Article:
Lifeboat service to use donated drones to help rescue people at sea

The company has partnered with Saatchi & Saatchi London to donate a fleet of waterproof drones to a Norfolk lifeboat service

Direct Line and Saatchi & Saatchi London have formed the first partnership making use of its pioneering Fleetlights drone technology and donated a fleet of waterproofed drones to the Caister Lifeboat service.

The Norfolk service will use a network of Fleetlights drones equipped with high-powered lights and high-definition cameras to perform semi-autonomous flights, helping lifeboat crews to spot people stranded at sea.

Saatchi & Saatchi filmed the fleet's inaugural flight earlier this week, with the drones lighting up the sea in a 10-mile radius from the lifeboat.

Each mobile-controlled drone uses "mesh networking" tech, which helps operators spot people who would otherwise be easy to miss. At night, the technology can help rescuers see further than they usually could thanks to the high-powered lights.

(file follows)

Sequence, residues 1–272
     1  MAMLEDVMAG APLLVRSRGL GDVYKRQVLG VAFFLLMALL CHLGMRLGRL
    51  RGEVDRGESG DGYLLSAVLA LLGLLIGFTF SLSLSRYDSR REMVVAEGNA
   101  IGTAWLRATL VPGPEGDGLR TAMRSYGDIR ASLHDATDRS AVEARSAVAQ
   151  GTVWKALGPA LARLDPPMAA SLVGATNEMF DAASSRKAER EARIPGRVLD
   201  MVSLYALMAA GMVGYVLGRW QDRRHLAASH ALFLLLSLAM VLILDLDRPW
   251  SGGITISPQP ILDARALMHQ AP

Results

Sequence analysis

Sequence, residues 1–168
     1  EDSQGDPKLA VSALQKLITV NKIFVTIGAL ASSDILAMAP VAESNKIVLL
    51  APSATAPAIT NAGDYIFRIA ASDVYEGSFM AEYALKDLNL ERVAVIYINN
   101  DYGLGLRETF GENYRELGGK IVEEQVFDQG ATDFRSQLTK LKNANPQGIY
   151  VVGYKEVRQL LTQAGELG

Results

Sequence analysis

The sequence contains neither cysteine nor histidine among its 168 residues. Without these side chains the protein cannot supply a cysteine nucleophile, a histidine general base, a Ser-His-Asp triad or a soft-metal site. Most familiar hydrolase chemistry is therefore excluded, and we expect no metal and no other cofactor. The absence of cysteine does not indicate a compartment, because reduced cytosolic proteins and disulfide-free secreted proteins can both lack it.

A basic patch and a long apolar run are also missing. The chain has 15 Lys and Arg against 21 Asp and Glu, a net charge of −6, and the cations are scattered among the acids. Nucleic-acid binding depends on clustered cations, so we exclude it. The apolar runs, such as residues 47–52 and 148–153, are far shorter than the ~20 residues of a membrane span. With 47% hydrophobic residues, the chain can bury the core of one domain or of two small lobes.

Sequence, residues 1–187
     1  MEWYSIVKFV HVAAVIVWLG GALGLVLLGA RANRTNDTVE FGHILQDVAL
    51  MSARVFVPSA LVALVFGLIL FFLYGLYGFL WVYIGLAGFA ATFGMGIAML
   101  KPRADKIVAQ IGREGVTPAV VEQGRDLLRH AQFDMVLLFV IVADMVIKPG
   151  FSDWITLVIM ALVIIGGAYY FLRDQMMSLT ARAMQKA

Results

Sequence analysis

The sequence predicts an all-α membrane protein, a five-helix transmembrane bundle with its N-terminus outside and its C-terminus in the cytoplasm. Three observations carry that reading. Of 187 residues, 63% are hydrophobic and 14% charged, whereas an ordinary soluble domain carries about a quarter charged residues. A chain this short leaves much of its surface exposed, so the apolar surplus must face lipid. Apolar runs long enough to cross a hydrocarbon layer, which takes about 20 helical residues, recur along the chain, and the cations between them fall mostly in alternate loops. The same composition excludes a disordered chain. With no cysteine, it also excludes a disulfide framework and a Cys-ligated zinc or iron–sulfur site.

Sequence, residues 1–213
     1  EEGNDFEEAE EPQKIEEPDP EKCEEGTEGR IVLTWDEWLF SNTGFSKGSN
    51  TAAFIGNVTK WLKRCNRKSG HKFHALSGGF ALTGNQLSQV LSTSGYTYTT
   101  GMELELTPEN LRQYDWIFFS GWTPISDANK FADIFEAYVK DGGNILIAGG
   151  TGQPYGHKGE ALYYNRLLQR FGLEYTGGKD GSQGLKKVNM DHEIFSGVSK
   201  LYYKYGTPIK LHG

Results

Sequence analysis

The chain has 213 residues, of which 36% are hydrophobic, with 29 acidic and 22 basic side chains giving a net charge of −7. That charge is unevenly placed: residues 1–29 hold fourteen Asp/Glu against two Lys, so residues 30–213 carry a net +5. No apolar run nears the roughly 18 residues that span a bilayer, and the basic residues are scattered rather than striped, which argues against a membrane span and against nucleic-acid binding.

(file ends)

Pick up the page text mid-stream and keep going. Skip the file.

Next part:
After conversations with the Royal National Lifeboat Institution and HM Coastguard, Direct Line decided that Caister would be the first to benefit from the technology, given its distance from helicopter support.

The drones will be used in searches ahead of a potential national roll-out.

Paul Garrod, chairman of the Caister Lifeboat, said: "In the past, there have been instances where we have been unsuccessful when searching for someone in need of help. Perhaps if we had been equipped with the drone technology, these searches would have had a positive outcome."

Mark Evans, Direct Line’s marketing director, added: "We deliberately created the Fleetlights code on an open-source basis in the hope that this would help us to accelerate. Now that we are using the technology to develop the drones for sea rescue it has happened much faster than anticipated."

This article first appeared in Campaign

Have you registered with us yet?

Register now to enjoy more articles and free email bulletins

Already registered?
Sign in